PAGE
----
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Chapter 4. Inflating the Bubble: the Fin... > When Economic and Financial Value Di...

When Economic and Financial Value Diverge

For a number of reasons, financial value can be well above, or well below, economic value. During the great bubble, financial values became enormously inflated compared to economic values, and when that was finally realized by investors, financial values collapsed well below the economic values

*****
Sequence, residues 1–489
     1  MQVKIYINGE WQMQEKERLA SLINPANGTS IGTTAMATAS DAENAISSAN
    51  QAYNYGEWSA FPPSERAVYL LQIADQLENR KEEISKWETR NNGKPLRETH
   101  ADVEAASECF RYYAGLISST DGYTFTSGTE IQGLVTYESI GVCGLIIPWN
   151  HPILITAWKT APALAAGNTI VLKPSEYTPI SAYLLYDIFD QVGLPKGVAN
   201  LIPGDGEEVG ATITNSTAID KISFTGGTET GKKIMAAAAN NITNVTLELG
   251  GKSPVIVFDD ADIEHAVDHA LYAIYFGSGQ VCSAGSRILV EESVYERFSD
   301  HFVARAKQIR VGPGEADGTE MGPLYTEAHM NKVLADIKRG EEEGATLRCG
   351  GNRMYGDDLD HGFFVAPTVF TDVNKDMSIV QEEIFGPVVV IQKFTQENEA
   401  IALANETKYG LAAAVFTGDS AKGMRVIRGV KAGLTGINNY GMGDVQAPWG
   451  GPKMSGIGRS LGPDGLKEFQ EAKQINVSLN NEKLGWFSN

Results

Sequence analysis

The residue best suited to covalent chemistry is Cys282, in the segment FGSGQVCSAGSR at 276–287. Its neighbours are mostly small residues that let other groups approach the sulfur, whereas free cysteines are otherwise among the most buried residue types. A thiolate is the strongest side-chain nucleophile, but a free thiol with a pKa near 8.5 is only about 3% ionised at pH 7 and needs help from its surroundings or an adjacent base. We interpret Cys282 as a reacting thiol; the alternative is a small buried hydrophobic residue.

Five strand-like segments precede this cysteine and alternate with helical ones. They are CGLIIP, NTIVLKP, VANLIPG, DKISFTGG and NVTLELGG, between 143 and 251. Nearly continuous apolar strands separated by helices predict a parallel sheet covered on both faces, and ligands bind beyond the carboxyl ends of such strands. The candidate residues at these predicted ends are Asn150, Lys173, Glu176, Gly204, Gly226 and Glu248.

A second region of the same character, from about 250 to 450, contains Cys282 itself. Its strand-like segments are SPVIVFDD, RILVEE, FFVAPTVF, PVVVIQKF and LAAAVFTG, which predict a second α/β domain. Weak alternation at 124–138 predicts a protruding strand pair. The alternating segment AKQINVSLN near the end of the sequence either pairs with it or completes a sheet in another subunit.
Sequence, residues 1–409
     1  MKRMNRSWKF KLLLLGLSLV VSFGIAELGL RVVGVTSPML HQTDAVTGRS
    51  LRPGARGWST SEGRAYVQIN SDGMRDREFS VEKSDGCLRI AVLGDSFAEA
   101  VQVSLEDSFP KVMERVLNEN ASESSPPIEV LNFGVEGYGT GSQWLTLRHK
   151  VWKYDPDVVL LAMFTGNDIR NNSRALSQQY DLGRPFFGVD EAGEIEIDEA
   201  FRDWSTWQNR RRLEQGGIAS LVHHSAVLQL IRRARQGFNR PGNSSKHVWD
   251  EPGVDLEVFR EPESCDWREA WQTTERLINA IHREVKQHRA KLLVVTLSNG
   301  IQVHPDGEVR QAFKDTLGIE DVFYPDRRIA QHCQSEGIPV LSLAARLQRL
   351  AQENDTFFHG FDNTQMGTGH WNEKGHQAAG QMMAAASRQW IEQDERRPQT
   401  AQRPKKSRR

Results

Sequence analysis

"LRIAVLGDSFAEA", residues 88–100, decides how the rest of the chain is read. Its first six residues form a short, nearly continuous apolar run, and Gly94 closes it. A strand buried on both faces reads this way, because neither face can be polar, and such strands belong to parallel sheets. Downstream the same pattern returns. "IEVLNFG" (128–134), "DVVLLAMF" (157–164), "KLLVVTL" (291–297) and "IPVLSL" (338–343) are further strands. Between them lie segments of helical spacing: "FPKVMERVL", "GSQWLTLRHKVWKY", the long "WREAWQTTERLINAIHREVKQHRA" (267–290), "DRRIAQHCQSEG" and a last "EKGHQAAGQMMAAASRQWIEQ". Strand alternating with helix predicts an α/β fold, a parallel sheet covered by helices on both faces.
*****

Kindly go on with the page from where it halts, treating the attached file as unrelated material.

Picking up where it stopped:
Figure 4-3 (The Bubble Curve) illustrates the divergence of economic and financial value for a single start-up. While the company is slowly building economic value, the financial markets accord it increasingly large financial value. Expectations far outrun actual performance. Then suddenly the financial markets realize their mistake, and the financial value of the firm comes tumbling down. As it overshot in the upward direction, now the Financial Value Chain overshoots in the downward direction, and financial value falls below economic value for the firm. From the point of view of the firm, nothing has happened to justify either the rapid inflation of its financial value, or the sudden collapse of financial value—all along the company has been executing successfully its business plan. The wild ride is all in the stock market.


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